Brandon yearbook ad sparks controversy
May 25, 2011 - Brandon Twp.- Stephanie Ratliff never expected to see an advertisement for a problem pregnancy center in a high school yearbook, but that is exactly what caught her attention— and outrage— as her son, a freshman, paged through the 2011 edition of Wingspan.
Ratliff picked her son up from school May 19 and in his hands was the new Brandon High School yearbook. As he flipped through the pages, she looked over and was shocked to see the word abortion. On page 237 of the book is an ad slightly larger in size than a business card that reads, "Problem Pregnancy Center, free pregnancy testing, abortion information, walk-ins welcome" as well as the address of the center in Oxford, its website, and a phone number.
"I thought, 'You have to be kidding me,'" said Ratliff Tuesday. "I'm not trying to make it into a political issue, but I don't think a high school yearbook is the proper venue for that ad. Other places would be more appropriate. It's devastating to me, as the mother of a teenager. It's not the high school's responsibility to provide information, or deem what is a problem pregnancy or the way to address a problem pregnancy. It's not cancer. It's very upsetting to me."
Ratliff said she had not known school districts to be as open or free with preventative measures for pregnancy, noting that would likely be perceived as promoting kids having sex. She wondered if district officials would have welcomed advertising from Trojan, a manufacturer of condoms.
Yearbook Advisor Cathy Ciesielski said she was notified May 23 by Principal Michael Ferguson that he had received a few calls from concerned parents.
The yearbook staff canvasses different areas, visiting businesses and selling ad space for publication. Students approached the pregnancy center, which recently changed its name to the Oxford Pregnancy Center, on two different occasions to ask if the center would like to purchase an ad in the yearbook. The center purchased the ad for a cost of $75.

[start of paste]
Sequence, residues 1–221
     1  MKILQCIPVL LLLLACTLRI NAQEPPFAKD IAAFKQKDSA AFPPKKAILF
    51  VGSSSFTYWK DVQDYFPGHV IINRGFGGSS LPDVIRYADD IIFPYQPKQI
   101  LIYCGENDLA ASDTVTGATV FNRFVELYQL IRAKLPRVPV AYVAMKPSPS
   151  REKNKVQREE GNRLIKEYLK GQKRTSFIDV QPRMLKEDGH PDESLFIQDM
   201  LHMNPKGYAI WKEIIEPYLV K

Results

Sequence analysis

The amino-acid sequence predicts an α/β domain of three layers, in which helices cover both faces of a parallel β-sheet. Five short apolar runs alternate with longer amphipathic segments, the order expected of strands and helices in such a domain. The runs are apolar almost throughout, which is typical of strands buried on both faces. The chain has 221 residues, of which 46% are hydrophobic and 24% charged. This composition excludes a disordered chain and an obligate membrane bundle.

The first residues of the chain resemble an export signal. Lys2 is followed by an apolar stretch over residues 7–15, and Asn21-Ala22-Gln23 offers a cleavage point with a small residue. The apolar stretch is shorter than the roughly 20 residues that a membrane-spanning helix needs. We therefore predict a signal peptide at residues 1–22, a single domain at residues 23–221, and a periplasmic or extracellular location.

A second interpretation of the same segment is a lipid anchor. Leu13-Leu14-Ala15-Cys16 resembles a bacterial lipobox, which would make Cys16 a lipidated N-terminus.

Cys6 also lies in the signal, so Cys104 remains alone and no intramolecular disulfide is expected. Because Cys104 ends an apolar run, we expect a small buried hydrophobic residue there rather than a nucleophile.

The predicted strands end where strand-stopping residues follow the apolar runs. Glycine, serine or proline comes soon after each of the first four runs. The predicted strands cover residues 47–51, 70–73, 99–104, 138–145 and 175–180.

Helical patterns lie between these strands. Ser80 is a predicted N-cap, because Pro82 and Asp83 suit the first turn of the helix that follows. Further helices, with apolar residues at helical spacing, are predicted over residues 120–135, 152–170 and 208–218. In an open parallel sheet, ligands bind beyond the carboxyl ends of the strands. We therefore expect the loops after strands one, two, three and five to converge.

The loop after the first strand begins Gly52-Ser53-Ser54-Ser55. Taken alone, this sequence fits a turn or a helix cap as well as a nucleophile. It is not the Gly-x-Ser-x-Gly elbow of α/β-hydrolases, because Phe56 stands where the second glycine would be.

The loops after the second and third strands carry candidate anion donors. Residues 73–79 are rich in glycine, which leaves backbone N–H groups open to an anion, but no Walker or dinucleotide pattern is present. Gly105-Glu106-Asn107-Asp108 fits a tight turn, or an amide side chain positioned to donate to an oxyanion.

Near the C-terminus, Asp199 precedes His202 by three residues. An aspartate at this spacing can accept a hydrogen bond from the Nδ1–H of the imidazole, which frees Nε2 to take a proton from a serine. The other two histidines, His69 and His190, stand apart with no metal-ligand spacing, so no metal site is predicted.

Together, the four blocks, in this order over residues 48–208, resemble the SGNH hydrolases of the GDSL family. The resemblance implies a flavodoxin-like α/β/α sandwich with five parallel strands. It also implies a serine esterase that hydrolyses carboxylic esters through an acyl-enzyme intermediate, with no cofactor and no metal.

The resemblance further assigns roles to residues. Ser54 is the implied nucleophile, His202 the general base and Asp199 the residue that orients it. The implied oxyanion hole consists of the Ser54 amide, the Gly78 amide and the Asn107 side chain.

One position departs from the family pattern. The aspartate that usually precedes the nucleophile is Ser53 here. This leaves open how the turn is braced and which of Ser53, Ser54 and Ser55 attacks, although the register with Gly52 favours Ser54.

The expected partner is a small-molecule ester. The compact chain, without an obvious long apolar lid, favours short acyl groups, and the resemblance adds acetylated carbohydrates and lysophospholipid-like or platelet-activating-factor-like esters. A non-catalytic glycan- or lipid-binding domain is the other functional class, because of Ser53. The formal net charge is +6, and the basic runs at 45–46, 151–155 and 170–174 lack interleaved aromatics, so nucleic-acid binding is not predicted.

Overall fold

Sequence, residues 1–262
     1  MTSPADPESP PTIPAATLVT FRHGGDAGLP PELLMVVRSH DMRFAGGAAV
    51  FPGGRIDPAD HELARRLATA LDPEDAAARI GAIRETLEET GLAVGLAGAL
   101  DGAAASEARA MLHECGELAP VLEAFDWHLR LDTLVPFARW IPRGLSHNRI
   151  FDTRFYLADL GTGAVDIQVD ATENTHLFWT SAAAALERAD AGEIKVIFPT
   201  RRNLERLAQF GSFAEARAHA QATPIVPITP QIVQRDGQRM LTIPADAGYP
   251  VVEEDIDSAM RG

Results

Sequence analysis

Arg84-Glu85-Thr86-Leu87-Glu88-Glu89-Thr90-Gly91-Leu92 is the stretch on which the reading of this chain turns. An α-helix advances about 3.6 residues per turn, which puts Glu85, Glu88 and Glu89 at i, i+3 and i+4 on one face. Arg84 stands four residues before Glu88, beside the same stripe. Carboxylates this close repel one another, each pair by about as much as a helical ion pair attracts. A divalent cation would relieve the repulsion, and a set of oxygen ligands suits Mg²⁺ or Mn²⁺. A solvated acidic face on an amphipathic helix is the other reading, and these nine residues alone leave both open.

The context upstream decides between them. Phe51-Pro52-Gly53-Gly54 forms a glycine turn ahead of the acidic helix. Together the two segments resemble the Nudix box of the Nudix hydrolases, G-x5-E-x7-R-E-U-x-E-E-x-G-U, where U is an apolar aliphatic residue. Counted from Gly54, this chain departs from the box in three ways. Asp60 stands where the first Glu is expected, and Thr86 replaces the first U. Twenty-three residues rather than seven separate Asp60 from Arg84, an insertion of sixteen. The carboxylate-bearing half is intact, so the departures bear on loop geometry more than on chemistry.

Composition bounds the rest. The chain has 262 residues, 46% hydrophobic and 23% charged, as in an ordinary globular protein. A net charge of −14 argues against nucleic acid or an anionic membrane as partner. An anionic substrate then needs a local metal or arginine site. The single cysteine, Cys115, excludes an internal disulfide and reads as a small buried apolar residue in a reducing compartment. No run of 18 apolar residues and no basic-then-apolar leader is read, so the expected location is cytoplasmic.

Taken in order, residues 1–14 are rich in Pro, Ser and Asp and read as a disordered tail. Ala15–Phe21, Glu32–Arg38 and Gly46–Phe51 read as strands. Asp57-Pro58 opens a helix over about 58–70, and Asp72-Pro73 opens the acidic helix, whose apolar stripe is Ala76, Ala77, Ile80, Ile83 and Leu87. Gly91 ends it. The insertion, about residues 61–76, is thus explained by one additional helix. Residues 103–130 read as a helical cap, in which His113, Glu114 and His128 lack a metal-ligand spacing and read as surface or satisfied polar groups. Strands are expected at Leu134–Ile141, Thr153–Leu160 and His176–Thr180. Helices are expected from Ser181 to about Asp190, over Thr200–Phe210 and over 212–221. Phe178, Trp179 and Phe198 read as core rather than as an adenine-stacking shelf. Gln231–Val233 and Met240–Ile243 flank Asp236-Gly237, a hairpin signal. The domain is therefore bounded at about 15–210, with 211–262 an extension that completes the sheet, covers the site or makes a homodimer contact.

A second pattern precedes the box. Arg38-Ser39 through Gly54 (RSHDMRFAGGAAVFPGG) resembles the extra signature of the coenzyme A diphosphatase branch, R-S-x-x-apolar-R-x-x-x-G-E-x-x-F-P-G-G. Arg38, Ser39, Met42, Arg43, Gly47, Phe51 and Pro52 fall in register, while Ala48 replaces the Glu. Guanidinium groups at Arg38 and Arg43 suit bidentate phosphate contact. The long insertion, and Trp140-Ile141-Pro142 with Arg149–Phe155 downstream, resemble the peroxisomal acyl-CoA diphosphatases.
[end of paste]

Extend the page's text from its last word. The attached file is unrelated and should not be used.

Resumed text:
"It's a reputable business in Oxford and I didn't believe that anyone would consider the ad to be offensive," said Yearbook Adviser Cathy Ciesielski. "I let the ad run because it is a legitimate business, addresses high school concerns, and that was it."
The 40-year teacher, who is retiring at the end of this school year, is in her sixth year as yearbook adviser and was the newspaper adviser for 15 years prior. She makes all decisions regarding advertising approval without input from administrators, and said she has only turned down an advertisement once— from a liquor store. Typical ads in the yearbook include coffee shops, restaurants, gift shops, mortgage companies, jewelers, dentists, and hardware stores. This is the first time a pregnancy center has advertised. It may be the last time.
Superintendent Lorrie McMahon called running the advertisement "a mistake."
To remedy the problem, Ciesielski called a yearbook representative from Josten's, the company that prints the books. Josten's has agreed to reprint the page for free for anyone who objects to the advertisement, replacing the ad with a Blackhawks symbol or perhaps a message congratulating seniors. Other ads on the page, including a half-page congratulatory ad from Belle Ann Elementary, as well as ads from a collision shop and law firm, will remain intact.
Advertising is crucial to keep the costs of the yearbook down for students and parents, who pay $70 for the yearbook if purchased at the beginning of the year, and $80 if purchased later.
"We parents pay for that journal for the kids," said Ratliff. "I can't imagine they are that in that much need of funding for advertising... I'm really saddened. I know it's the times we are living in, but it's a baby, not cancer. You don't just go and fix the problem. That's your blood. I want teenagers to know they are supported in keeping their children."
Darlene Hendrix, director of the Oxford Pregnancy Center, said the pregnancy center's board made the decision to advertise in the yearbook, the first time they have advertised in a high school publication.
"We have not done that in the past, but we are a warm, compassionate, non-judgmental staff and we want teens and women to know if they have an unplanned pregnancy, they have options," she said. "We do not provide abortions, nor do we refer."
Hendrix said the center provides information on the different stages of fetal development, the types of abortions that can be obtained at the different stages, and also gives information on adoption.
"I can understand that someone might be concerned we are encouraging abortion or teen pregnancy, but that's not the case," she said. "Teens also have unplanned pregnancies and we are here to help if needed."
Any students or parents wishing to have the yearbook page with the pregnancy center ad replaced can call the high school office for more information at 248-627-1820.
Susan covers Brandon Township and Ortonville